The poems have been gathered into books that are frequently found within Kwan Yin temples. English language versions are available. Translations and interpretations vary greatly, so it is worth looking at different books to determine which you find most resonant. The Oracle of Kwan Yin is now also found on-line and as an app for your phone.

How do you know which poem illuminates your destiny? The traditional method of discovering the applicable poem is via the Sticks of Fate (Chien Tung): long, thin, wooden slats–traditionally, but not exclusively, bamboo– that are tipped with red on one end and numbered on the other. They look a little like long fireplace matches. Like fireplace matches, these long sticks are sold and stored in tube-shaped containers. They are typically marketed under the name of Chinese Fortune Sticks or something similar. Warning: the Sticks of Fate are not always sold in sets of one-hundred. Packs containing approximately sixty or seventy sticks are more common. These may be suitable for games or other systems of divination, but one-hundred sticks are required for full utilization of the Kwan Yin Oracle, one numbered stick per numbered poem. If you seek sticks specifically for this oracle, make sure to double-check quantity prior to purchasing. A functional, if inelegant, set of 100 Sticks of Fate is easily constructed from Popsicle sticks, if necessary, but you will also need an appropriate container.

The tube-like container, once created from hollow bamboo shafts, is part of the divination process.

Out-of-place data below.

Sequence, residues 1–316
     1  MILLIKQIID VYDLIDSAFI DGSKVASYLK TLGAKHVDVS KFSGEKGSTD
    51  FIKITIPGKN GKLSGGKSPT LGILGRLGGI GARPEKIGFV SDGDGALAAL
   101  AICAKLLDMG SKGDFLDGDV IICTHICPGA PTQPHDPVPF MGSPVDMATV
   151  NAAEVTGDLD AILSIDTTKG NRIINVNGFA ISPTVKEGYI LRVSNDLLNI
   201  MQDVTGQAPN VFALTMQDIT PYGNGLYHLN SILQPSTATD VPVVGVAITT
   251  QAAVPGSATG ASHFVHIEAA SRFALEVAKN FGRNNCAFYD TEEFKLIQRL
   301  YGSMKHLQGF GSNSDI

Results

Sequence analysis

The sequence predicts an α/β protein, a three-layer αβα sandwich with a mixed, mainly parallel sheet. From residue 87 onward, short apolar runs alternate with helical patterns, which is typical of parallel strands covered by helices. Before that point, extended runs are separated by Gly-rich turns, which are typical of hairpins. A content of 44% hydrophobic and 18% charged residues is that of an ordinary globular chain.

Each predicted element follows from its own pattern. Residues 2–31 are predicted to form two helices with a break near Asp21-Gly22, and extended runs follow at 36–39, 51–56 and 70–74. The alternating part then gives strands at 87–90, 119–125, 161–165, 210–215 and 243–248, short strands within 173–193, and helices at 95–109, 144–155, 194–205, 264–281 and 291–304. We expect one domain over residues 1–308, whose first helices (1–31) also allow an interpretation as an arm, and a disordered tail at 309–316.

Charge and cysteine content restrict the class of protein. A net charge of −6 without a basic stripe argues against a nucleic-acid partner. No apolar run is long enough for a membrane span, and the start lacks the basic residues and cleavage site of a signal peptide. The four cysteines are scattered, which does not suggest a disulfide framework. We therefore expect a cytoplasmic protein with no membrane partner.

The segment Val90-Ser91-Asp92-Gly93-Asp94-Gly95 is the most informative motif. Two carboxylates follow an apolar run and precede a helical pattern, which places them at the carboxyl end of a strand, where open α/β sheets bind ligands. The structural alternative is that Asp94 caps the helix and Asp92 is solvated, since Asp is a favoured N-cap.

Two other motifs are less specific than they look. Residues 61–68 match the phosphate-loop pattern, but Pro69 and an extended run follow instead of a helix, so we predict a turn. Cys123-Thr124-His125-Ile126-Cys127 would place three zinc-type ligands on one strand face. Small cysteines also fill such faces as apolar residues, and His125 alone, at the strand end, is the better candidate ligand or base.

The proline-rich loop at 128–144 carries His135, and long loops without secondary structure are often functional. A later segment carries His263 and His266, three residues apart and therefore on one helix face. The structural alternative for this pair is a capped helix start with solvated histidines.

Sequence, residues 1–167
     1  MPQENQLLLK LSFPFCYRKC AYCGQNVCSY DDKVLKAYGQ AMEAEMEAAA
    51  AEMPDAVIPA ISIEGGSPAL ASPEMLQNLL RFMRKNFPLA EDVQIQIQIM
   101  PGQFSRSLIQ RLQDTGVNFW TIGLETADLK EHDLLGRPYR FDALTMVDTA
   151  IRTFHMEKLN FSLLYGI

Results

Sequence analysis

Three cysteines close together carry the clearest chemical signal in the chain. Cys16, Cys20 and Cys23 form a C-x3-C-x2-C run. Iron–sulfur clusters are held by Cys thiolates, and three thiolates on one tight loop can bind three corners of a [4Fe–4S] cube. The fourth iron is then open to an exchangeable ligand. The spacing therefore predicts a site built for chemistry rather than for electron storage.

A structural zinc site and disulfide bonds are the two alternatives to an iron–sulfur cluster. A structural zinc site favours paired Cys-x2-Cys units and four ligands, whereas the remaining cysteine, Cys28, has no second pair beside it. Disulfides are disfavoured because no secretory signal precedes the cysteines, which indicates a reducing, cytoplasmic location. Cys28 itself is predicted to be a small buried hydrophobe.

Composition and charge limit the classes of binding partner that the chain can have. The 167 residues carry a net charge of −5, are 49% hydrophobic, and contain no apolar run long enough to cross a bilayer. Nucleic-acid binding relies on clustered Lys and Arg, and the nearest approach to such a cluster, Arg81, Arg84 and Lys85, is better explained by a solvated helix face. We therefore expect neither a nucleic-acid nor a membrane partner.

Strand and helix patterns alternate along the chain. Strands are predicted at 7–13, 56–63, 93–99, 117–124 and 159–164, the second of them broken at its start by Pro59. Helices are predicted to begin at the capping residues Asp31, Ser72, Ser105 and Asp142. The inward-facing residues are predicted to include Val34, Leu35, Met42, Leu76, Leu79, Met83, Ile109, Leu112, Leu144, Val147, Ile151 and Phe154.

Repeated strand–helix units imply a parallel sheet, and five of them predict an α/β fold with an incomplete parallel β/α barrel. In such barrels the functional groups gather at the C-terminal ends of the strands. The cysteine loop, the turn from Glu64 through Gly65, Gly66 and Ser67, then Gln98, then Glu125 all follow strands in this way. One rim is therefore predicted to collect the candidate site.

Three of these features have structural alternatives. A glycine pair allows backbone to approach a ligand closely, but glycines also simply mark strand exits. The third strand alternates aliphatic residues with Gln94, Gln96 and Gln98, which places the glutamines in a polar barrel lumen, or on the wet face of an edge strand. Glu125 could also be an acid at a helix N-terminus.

1. Hold the tube in your hands
2. Focus intently on your query or whisper it into the container
3. If desired, offer a prayer to Kwan Yin or request her guidance and assistance
4. Shake the container gently, until at least one stick falls out.
5. The number on this stick indicates the poem that serves as your oracle.

The Oracle of Kwan Yin is frequently offered within or just outside Buddhist or Taoist shrines. Fortune tellers may be on hand to offer interpretations. However, over the centuries, the Oracle of Kwan Yin has also been adapted for individual or home use. Different methods for accessing the oracle exist. Some are complex and require special ritual tools, like moon blocks to confirm the oracle’s meaning. Alternatively, the system may be simplified, eliminating the sticks and simply thinking of a number from 1-100, although this is not recommended if you access the Oracle on a regular basis. There is a tendency to consistently choose your favorite number, especially if you know from previous experience that it’s linked to an auspicious poem and thus a lucky fortune. If sticks are unavailable or prove frustrating, number one-hundred small squares of paper that can be then drawn from a box or hat.

• Information on divination as well as many home oracles may be found in the Encyclopedia of 5000 Spells.
• Information on Kwan Yin, Daphne, Ammon, the Oracle of Delphi and its various resident deities may be found in the Encyclopedia of Spirits.
• Information about Kwan Yin and other saints of Asia associated with divination may be found in the Encyclopedia of Mystics, Saints, and Sages.